1. What is a KVM Switch?
A KVM Switch is a device that allows someone to use more than 1 computer from only 1 keyboard, monitor and mouse. Anyone can literally manage all of the computers in their office/server room from their desk without getting up. The limits to what you can do with KVM Switches are few. You can manage anywhere from 2 computers to thousands of servers using a KVM Switch.
2. What is a console server?
The console server is software which can be run on a UNIX box with lots of serial ports. You plug consoles of other machines into the serial ports, and the software allows you to access these consoles from anywhere on the network.
3. What is Rack?
Racks organize IT equipment into standardized assemblies that make efficient use of space and other resources. At the most basic level, a rack consists of two or four vertical mounting rails and the supporting framework required to keep the rails in place. The rails and framework are typically made of steel or aluminum to support hundreds or even thousands of pounds of equipment. The rails have square or round holes that allow you to mount rack equipment to them with screws. (In the case of the square mounting holes, the screws connect to removable cage nuts placed in the required locations.) Some equipment includes horizontal rails or shelves that you mount in the rack to provide extra support.
4. How do you choose the right rack size?
The key to data center rack planning is to think about flexibility and adaptability. Needs will continue to evolve, and racking solutions must be able to evolve with them. The data center must be able to adapt to each individual rack environment and rack zone. Similarly, the rack must adapt to the room. Planning with flexibility in mind allows a data center to quickly and easily respond to changing business needs. Considerations include:
Weight capacity: Racks should be chosen to meet the capability of required loads. 1U servers weigh approximately 35 lbs. Given the number of servers, cables, rack power distribution units, overhead cable mounts and containment support points on a typical rack application today, a rack with a 2,400 lbs. capacity should be considered. Racks are available in up to 3,000 lbs. capacities for heavy-duty applications.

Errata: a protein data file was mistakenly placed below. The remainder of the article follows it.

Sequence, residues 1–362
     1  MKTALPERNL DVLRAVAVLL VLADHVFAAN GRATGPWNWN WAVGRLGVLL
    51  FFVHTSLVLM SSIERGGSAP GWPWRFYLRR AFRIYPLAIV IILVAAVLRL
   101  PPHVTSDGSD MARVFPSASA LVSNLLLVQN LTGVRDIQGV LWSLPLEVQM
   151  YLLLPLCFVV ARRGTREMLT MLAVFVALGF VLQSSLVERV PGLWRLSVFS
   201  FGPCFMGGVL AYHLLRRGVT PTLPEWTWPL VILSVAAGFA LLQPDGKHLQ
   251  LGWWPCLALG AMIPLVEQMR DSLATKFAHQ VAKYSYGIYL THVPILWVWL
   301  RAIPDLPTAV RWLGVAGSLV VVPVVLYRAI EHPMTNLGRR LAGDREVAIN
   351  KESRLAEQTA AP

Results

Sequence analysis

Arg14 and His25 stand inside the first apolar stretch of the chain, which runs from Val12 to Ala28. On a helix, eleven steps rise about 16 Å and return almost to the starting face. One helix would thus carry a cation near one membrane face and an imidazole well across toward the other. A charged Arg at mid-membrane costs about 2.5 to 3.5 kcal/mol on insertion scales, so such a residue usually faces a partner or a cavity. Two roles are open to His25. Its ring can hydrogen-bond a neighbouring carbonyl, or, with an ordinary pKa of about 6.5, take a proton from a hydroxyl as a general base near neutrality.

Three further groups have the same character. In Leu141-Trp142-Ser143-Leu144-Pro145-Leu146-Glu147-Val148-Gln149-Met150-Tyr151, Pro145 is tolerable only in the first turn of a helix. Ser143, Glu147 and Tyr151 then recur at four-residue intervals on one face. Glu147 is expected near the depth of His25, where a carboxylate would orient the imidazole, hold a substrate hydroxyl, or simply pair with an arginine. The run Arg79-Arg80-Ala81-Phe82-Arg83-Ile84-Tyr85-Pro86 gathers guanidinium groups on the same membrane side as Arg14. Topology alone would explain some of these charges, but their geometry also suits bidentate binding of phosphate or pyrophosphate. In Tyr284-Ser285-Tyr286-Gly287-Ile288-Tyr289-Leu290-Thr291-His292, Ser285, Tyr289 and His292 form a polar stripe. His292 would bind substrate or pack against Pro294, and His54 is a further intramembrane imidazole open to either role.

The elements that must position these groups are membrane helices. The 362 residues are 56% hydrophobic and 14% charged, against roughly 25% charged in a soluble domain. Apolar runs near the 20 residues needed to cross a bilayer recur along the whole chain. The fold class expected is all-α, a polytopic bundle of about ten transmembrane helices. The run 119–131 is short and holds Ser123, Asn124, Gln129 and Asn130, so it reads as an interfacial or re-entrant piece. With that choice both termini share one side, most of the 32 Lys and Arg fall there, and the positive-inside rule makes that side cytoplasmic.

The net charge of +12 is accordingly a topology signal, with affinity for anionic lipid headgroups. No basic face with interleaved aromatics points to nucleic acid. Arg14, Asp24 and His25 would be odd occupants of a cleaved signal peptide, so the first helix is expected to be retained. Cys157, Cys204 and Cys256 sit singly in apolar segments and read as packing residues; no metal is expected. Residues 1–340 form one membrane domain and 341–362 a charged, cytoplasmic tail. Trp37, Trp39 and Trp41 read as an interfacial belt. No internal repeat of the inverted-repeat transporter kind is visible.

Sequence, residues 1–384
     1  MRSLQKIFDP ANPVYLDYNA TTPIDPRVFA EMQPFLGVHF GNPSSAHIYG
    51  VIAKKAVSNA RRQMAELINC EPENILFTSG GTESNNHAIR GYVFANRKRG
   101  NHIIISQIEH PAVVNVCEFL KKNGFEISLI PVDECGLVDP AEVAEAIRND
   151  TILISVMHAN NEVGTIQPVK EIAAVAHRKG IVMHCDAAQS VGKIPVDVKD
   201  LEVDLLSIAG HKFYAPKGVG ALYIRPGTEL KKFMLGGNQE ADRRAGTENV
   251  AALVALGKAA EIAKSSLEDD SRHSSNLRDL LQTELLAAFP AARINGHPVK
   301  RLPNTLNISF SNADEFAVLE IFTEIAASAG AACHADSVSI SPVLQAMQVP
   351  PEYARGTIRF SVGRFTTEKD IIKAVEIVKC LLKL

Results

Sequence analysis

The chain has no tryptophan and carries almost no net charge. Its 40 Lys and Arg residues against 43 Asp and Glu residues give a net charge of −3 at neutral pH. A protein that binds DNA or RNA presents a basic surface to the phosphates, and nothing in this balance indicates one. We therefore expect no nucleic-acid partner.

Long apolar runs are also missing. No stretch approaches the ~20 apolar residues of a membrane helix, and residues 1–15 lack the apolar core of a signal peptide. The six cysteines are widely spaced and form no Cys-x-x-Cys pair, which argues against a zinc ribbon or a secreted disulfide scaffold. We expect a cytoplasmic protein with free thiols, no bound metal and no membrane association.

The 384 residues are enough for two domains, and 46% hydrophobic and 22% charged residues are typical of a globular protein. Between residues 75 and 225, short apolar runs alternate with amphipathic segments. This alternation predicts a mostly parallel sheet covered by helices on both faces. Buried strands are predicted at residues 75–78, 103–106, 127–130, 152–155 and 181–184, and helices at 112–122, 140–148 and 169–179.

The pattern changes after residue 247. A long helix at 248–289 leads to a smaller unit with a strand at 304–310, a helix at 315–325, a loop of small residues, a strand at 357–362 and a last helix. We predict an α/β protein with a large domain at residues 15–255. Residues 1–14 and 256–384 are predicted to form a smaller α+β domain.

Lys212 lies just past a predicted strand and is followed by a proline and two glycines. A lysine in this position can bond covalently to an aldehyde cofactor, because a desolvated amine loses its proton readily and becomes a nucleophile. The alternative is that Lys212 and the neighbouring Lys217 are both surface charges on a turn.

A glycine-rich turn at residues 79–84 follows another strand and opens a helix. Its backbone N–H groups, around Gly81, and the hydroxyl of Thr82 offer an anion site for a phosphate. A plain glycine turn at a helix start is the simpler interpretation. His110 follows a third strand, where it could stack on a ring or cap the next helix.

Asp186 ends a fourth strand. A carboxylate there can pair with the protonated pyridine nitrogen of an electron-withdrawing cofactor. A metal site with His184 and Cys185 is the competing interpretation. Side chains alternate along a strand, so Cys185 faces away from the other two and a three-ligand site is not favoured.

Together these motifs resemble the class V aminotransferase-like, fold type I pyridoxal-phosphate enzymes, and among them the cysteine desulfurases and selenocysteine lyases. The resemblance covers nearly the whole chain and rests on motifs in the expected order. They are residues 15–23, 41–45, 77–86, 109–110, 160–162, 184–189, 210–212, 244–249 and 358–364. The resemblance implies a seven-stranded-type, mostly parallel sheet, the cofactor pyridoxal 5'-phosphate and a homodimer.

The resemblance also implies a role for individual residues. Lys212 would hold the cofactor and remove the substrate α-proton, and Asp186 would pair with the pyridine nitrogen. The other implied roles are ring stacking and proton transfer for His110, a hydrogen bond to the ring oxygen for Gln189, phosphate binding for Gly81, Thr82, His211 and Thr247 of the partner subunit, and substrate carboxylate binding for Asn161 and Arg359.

19 inch rails: Each of the four rails in a rack should be easy to adjust relative to the needs of the supported equipment. Proper alignment ensures that rails are properly positioned without the need to measure. Front rails should also be flexible to allow for cables in a networking application. Rails that utilize cage nuts eliminate the need for tapping and drilling out stripped screw holes. Stripping out a hole is easy; repairing it is time consuming, and therefore expensive. Cage nuts are available in a variety of sizes, attach to the rail wherever necessary, and provide an economical, fast and flexible method of mounting.
Doors: Most equipment requires that security doors provide at least 64 percent perforation for proper air flow (higher perforation levels are available). The doors should also be easily reversible; lift-off hinges require no tools to change the door’s configuration to open from either the right or left. Doors that can be easily removed from their hinges simplify equipment loading. Some doors offer the ability to open 135 degrees, which also eases equipment loading. A variety of handle options include key locks, combination, electronic or biometric locks, all of which are built into the handle.
Side panels: Side panels have traditionally been a single piece held on with screws that wer not simple to attach or remove. The trend is toward split-locking side panels - two independent side panels which are lighter and easier to install because the installer works with two smaller panels as opposed to a one large panel. The panels may be locked using the same security key as the rack’s front door.
Roof : The roof top should be ready for cabling and accept a minimum of 1,500 Category 5 (Cat 5) cables; many racks today carry that capacity, and higher capacities can reach 2,500. Custom cable entry can also be achieved through the base of the rack, if necessary, but the trend is primarily overhead, as many data centers may not have the raised floor necessary for base entry, or in many cases, raised floors may not be utilized because they impede rack airflow. Roof hole covers should be used to prevent debris from entering and to reduce airflow loss. Modular Busway systems and cable management support systems should fit easily on the roof as well.
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